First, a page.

Conflict’s Impact on Trade Finance: Weekly Summary

13 18 03 22

What’s inside?

    Shenzhen Shutdown

    In the 48 hours following the Shenzhen shutdown announcement, there was no significant change in the number of port calls to Shenzhen ports which, in the context of container shipping, consist primarily of Yantian, Chiwan, and Shekou.

    Between March 13-15, 2022, for example, 29 port calls were made to the Yantian port, which is a normal three-day average for that port. Every day that Shenzhen ports are not operating at full capacity could affect 79,644 twenty-foot equivalent units (TEUs).

    During the June 2021 COVID-19 shutdown, Windward’s data indicates there was a 100% month-over-month spike in the number of container vessels waiting outside of Shenzhen ports: 

    • That month was the most congested since January 2020
    • It is not a surprise that the drop back to normal occurred only at the end of the year, in December 2021

    Should the congestion rise again in light of the current shutdown, we expect the Shenzhen ports to need about five-six months before going back to normal.


    Windward identified a decrease in the overall commercial activity in Russian ports found around the Baltic Sea.

    • March 5-11 was the slowest operational week for Russian ports in the Baltics since the beginning of 2022 and marked a decrease of over 20% in commercial vessel port calls
    • This has been compensated for by a 17% rise in the surrounding countries – Estonia, Latvia, and Germany
    • Self-sanctions have continued, with Canada banning entry of Russian-related vessels into its country, following the UK’s lead. 
    • As per our expectation from last week, both the marine insurance industry, as well as classification societies, have been pulling out from Russian commerce:
      • ABS and Lloyd’s Register have stopped providing Russian vessels with class services

    From the marine insurance perspective, P&I clubs are still reluctant to provide a clear answer on whether they will do business with Russian-related vessels.

    • The withdrawal of classification services by Lloyd’s Register and ABS raises questions on whether protection and indemnity insurers can continue to cover Russian ships that are classed with the two societies.
    • It will be interesting to see French BV and Norwegian/German DNV decide on their respective paths. 

    Notably, there was almost no movement on the front of the flags of convenience, AKA “open registries.” The most common registered flag of tankers visiting Russian ports in the past week was Liberia, with 11 unique tankers.

    In comparison to the previous week, and the 2022 average thus far, the number of container vessels arriving in Russia last week dropped by 40%. In Estonia, Latvia, and Germany, however, Windward identified a significant rise of 41%.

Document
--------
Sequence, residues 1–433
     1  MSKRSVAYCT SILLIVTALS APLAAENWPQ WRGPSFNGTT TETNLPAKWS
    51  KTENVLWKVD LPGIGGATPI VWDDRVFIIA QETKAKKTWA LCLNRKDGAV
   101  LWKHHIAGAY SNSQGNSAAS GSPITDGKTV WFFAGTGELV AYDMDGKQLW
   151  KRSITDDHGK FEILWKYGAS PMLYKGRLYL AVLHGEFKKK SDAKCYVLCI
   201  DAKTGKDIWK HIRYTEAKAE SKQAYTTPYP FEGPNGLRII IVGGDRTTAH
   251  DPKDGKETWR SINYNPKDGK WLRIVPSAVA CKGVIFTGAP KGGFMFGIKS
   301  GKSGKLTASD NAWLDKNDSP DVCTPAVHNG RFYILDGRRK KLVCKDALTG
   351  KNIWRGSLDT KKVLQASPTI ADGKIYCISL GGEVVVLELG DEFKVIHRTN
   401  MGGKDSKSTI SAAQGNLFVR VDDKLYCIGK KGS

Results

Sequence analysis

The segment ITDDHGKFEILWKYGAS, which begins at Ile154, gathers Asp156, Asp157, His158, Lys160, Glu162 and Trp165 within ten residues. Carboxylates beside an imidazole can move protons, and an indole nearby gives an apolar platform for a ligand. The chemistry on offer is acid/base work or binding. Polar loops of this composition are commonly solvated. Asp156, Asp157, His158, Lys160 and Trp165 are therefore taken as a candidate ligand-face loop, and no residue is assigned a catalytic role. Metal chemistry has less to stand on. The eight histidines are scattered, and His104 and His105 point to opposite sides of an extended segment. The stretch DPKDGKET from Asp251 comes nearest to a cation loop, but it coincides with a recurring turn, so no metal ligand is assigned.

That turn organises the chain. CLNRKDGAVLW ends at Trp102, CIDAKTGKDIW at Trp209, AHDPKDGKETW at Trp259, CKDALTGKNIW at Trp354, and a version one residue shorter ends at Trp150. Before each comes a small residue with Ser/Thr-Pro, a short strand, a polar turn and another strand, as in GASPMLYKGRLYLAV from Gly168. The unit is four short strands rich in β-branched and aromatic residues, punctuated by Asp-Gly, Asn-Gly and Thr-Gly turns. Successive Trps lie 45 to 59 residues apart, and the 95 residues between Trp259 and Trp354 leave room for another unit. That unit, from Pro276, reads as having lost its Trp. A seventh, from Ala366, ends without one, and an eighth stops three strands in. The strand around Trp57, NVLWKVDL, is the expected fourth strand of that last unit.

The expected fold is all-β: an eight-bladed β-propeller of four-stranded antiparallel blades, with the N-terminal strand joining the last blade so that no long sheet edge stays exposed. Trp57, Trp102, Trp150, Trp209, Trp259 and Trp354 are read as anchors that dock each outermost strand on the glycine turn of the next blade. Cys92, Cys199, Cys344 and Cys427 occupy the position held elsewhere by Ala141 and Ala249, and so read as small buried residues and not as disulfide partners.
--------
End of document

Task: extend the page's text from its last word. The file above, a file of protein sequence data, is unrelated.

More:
Oil Trade

    There is a spike in vessels leaving Russia with an “unknown” destination –indicating they haven’t arrived at their destination yet, or simply don’t know where to go. Meaning there are still about 46,000,000 Russian oil barrels still looking for an end buyer, or destination. According to Windward’s behavioral data, during this past week activities by American and British vessels in Russian ports are still taking place as usual.

    Windward identified six crude oil tankers with American affiliation and an LNG tanker with British affiliation that arrived at the Russian port no earlier than March 9. Data indicates that most crude oil tankers (about 30) calling port in Russia since Feb 28 had registered owners, or registered beneficial owners, that are Greece-affiliated. 

    In the last week we saw a clear decrease in crude oil tankers calling port in Russia. The U.S. ban, together with the market’s “moral sanctions,” are not only stopping vessels from entering Russia, but are also affecting those leaving it. Crude oil carriers departing from Russia are no longer calling ports in Europe, Asia, and North America. After removing all sanction-designated vessels and entities, Russian-affiliated tankers, and those engaged in deceptive shipping practices from consideration, the original +9,000 refined products population decreases by 20% following the invasion. 

    What to Expect…

    Many industries will take a “wait-and-see” attitude to the bilateral Ukraine/Russia negotiations when it comes to sanctions/regulations. 

    Flag registries will start coming to light, as they haven’t been discussed as part of the supporting ecosystem of Russian shipping. But without a flag and a classification, vessels can’t obtain insurance or enter port. 

    Further emphasis will be put on vessels and operators lifting cargo from Russia. It seems that the cargoes lifted post 28/2 (start of the invasion) are dwindling slowly and new cargoes are coming into the market. This will start separating the shipping community into those who are willing to work with Russia and carry cargos, and those who aren’t. 

    Finally, we will see the banks start forming their policy on Russia-related deals. The liquidity crunch the commodity trading industry is experiencing, together with compliance pressures, will both continue to create pressure on commodity trading firms. 

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